I am creating a portal with multiple apps. The users will come from one of multiple companies. I want to lock down access to individual apps and access only that user’s company’s data.
For example, I want user1 from company company1 to have access to app1 but not app2. However, user1 to have access to company1 data.
I can just tie all the users to a specific company in the user record. Then I can tie all client data to a specific company. I can then write the queries to only bring back data that is tied to the users company. However, this just seems to have the potential for some security issues. It also seems a bit kludgy to have a company ID in almost ever db record.
I have never done something with multiple databases or used the database routing. However, it seems like it would allow me to create per company databases. Then I could keep all the apps generic but database routing to connect an individual user to their database.
I would love to have some confirmation that multiple databases is a valid way to go and works well in situations like this, some pointers in some other directions, or to hear why my first concern shouldn’t be a concern.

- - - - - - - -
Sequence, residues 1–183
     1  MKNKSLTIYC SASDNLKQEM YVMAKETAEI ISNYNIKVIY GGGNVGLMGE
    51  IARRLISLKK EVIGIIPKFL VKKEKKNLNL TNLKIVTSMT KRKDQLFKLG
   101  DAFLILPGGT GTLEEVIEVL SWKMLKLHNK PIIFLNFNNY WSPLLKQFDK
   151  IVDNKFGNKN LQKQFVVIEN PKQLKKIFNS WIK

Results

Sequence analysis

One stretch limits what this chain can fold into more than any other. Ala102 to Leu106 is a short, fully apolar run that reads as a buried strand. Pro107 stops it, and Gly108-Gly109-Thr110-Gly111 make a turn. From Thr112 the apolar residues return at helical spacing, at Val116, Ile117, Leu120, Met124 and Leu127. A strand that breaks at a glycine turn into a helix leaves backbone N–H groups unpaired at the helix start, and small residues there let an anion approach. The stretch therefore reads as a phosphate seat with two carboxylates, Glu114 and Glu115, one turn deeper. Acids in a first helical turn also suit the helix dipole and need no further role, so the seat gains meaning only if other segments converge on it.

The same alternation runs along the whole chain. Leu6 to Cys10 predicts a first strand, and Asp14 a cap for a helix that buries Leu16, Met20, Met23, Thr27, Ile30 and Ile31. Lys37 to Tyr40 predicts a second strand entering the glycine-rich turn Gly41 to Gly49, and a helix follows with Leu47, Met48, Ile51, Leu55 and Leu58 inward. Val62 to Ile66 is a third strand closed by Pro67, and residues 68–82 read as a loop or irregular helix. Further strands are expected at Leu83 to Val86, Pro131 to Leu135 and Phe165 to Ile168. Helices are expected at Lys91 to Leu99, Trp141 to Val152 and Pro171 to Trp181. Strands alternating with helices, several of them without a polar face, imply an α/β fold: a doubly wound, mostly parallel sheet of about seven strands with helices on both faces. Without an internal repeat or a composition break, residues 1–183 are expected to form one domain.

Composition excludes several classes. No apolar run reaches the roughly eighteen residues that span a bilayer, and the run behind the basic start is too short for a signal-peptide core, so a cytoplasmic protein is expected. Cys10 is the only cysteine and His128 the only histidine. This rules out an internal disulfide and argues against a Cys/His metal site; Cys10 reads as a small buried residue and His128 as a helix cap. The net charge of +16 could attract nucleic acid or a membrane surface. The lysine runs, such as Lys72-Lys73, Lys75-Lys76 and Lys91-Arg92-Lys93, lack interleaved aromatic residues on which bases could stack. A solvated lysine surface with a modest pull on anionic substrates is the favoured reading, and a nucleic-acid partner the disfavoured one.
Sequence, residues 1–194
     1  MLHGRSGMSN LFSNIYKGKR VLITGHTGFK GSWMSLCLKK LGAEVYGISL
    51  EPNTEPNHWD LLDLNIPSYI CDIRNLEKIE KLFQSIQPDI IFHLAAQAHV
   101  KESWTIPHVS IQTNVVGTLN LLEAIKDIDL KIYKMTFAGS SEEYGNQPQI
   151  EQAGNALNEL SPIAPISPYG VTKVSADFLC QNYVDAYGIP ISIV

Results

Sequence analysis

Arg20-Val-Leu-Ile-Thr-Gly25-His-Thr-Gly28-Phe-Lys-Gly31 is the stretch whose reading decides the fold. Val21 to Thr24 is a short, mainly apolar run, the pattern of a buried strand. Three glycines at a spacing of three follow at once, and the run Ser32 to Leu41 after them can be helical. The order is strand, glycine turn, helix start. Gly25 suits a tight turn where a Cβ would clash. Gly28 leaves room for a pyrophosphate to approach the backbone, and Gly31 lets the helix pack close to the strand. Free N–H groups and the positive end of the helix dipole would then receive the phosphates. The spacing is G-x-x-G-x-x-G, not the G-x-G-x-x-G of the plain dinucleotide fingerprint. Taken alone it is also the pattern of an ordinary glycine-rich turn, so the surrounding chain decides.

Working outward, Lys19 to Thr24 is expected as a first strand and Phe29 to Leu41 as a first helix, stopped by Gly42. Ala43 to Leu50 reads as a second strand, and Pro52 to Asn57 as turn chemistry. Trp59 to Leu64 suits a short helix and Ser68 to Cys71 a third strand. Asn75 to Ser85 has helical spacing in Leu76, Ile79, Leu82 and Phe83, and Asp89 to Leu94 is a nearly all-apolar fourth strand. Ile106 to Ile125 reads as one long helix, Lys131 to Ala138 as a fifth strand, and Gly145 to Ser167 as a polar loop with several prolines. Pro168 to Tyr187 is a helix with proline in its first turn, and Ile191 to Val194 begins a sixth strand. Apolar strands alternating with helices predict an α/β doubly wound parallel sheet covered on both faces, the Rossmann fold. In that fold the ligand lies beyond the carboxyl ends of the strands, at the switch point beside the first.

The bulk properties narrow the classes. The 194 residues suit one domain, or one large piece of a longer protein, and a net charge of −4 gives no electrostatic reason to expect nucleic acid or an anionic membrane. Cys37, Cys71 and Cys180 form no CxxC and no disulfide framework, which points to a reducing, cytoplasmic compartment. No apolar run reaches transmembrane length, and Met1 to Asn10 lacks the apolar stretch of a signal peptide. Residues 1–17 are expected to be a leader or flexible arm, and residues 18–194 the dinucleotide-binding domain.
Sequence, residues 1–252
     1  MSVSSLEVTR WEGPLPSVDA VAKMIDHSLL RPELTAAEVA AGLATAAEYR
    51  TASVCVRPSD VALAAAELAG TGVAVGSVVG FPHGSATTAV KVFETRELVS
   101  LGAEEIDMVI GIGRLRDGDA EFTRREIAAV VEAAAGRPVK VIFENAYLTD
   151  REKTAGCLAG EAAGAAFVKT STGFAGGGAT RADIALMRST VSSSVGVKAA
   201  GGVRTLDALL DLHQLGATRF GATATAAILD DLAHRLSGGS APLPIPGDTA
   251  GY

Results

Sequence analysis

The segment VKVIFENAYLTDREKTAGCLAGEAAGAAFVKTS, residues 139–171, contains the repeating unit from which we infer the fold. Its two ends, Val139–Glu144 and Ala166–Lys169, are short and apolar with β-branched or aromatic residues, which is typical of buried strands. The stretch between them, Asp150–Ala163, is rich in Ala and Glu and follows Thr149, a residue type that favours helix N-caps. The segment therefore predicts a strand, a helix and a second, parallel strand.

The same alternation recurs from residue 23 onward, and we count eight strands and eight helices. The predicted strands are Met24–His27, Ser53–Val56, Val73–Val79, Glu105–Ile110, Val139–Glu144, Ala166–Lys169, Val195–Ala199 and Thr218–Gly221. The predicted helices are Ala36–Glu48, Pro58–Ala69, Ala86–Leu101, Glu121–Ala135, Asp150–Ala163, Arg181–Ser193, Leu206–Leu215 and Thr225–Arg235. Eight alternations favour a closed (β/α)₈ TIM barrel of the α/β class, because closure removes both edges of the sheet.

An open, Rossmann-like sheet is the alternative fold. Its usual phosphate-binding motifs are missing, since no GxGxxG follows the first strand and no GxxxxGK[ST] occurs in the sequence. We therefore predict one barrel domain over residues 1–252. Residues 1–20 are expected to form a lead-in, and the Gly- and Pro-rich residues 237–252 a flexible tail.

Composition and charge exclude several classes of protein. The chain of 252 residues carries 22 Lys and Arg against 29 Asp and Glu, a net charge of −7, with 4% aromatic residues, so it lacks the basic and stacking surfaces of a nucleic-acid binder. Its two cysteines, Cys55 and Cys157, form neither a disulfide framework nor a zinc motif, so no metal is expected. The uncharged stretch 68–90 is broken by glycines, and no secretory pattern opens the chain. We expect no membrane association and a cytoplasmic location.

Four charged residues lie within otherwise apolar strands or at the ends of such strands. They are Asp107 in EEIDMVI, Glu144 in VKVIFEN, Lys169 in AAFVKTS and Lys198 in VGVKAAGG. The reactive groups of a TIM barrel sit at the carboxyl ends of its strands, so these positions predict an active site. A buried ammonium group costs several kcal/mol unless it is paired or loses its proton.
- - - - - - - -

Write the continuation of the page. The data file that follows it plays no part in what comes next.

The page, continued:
edit: btw - I would leave all the users in the default database. I would just use a customer database for apps.
I wouldn’t even think about segregating this by database. That’s going to open a can of worms large enough that I wouldn’t want to deal with in my wildest nightmares.
If I were looking at something like this, I’d create custom managers that applies your desired filters when querying these objects. (Some of the detailed answers would be very specific to the models being used - there’s not really a generalized answer I can provide to that.)
(And I definitely wouldn’t sweat about applying a company ID for those tables needing it. It doesn’t need to be in every table - if a table has a reference to another table with the company ID, the queries can follow the references.)
Thanks for the response. Over the last hour, I came to the same conclusion about multiple databases. It just breaks too many other things (like migrations). I didn’t know about managers. This looks perfect Thanks!
I can confirm that having the data in the same database is the prefered way to implement multi-tenancy. If separate databases are an unavoidable requirement, things can get a bit nightmarish, but only the kind where you’re late for an exam, not the kind that makes you wake up screaming. Things only get really tricky if you share the same model across all tenants and you require separate databases and you also want an API on top of that. We had that problem and came to a somewhat undjangonic solution, as described here: Struggling with application structure for multi-tenant system